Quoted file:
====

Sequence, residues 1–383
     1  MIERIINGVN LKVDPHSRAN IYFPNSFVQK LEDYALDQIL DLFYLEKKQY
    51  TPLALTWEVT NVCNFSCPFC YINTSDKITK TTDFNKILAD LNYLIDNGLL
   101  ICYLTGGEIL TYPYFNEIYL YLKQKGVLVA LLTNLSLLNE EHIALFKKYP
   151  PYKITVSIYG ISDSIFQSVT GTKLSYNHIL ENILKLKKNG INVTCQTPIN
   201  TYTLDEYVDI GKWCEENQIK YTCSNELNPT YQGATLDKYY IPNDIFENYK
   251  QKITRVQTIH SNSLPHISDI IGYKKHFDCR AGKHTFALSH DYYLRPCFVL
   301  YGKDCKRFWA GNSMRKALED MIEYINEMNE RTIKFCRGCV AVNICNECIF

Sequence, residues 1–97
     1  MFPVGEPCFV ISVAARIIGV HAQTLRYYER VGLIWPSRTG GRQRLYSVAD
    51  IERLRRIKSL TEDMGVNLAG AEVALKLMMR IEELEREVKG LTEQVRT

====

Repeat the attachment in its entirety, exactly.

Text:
Sequence, residues 1–383
     1  MIERIINGVN LKVDPHSRAN IYFPNSFVQK LEDYALDQIL DLFYLEKKQY
    51  TPLALTWEVT NVCNFSCPFC YINTSDKITK TTDFNKILAD LNYLIDNGLL
   101  ICYLTGGEIL TYPYFNEIYL YLKQKGVLVA LLTNLSLLNE EHIALFKKYP
   151  PYKITVSIYG ISDSIFQSVT GTKLSYNHIL ENILKLKKNG INVTCQTPIN
   201  TYTLDEYVDI GKWCEENQIK YTCSNELNPT YQGATLDKYY IPNDIFENYK
   251  QKITRVQTIH SNSLPHISDI IGYKKHFDCR AGKHTFALSH DYYLRPCFVL
   301  YGKDCKRFWA GNSMRKALED MIEYINEMNE RTIKFCRGCV AVNICNECIF

Sequence, residues 1–97
     1  MFPVGEPCFV ISVAARIIGV HAQTLRYYER VGLIWPSRTG GRQRLYSVAD
    51  IERLRRIKSL TEDMGVNLAG AEVALKLMMR IEELEREVKG LTEQVRT